Need for Speed: Undercover is yet another EA release which, gameplay and graphics problems aside, suffers from the bundled DRM scheme: SecuROM with Limited Installations.
This is a well known scheme based on a custom-made augmented version of SecuROM 7+, used for over a year now (from BioShock to Mass Effect, Dead Space and Red Alert 3) and it has been proven to offer overall...zero protection from piracy. But, of course, fighting piracy was never amongst its aims.
SecuROM is not a Digital Rights Management system but rather a spyware subroutine that unavoidably comes bundled with most major game releases. It borrows into the Root of our systems, masking itself from the System Manager and refuses to be removed - even after one completely uninstalls the game it came with. SecuROM is indeed used as a cloaked dataminer, gathering information on the system and its user's activities and sending them to its mothership. It is the method the industry's behemoths chose to pave the way for their coveted Pay-per-Play future.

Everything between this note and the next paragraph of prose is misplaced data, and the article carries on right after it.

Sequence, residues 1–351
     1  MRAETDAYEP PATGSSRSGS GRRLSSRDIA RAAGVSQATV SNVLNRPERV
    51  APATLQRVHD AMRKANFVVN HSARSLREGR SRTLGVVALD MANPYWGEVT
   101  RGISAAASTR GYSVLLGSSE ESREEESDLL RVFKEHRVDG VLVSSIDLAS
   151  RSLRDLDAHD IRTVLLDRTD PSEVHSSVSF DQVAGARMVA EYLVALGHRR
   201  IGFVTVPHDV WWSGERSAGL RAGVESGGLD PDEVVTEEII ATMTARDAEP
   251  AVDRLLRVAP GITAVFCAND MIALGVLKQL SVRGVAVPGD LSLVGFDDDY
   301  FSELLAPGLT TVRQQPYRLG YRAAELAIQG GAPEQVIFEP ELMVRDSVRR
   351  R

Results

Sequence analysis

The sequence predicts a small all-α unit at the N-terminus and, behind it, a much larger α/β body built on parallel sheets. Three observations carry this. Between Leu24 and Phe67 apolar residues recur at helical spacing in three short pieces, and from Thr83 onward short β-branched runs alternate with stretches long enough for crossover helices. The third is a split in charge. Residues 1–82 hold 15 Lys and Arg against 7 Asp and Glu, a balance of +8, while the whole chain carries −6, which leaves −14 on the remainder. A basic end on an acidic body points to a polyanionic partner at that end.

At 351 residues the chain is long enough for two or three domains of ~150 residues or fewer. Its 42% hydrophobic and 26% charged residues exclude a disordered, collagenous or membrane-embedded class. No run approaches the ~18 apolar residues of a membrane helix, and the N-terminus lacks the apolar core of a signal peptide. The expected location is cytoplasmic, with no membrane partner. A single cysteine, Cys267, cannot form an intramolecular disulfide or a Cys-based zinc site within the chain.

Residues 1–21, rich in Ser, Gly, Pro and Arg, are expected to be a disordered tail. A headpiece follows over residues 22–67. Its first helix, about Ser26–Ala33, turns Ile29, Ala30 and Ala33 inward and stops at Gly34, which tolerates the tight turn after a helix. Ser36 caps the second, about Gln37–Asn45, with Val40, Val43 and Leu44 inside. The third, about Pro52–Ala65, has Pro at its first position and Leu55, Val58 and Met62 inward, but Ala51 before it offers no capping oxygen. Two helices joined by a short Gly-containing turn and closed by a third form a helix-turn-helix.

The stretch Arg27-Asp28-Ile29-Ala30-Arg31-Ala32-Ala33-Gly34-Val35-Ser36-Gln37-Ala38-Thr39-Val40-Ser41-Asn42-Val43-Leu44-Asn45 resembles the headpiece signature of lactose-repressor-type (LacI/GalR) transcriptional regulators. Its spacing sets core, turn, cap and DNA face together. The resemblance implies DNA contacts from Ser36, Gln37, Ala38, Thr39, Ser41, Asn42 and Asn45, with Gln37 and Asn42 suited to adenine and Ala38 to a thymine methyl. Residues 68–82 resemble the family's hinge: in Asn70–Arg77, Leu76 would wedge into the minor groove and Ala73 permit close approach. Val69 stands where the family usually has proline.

Turning our own PCs into their...insatiable coiners is what the gaming executives are having wet dreams about. Games that we will have to keep paying for again and again.
And that is where the idea of Limited Activations comes ins: not only it nullifies the value of a game once bought, killing the second-hand market overnight, but it also familiarizes gamers to the idea of having to buy the same game over and over in order to keep playing it.
Need for Speed was a series I loved in the past and would love to keep playing in the future once the DRM idiocies get resolved. But not at this price.
Some people are indifferent to these issues - and I respect that. In a free market voting with one's wallet is the most effective expression of opinion - and everyone is free to cast his vote in whichever direction he seems fit. My experience though taught me that most gamers would like, at least, to make well informed decisions.
And who would not want its customers well informed?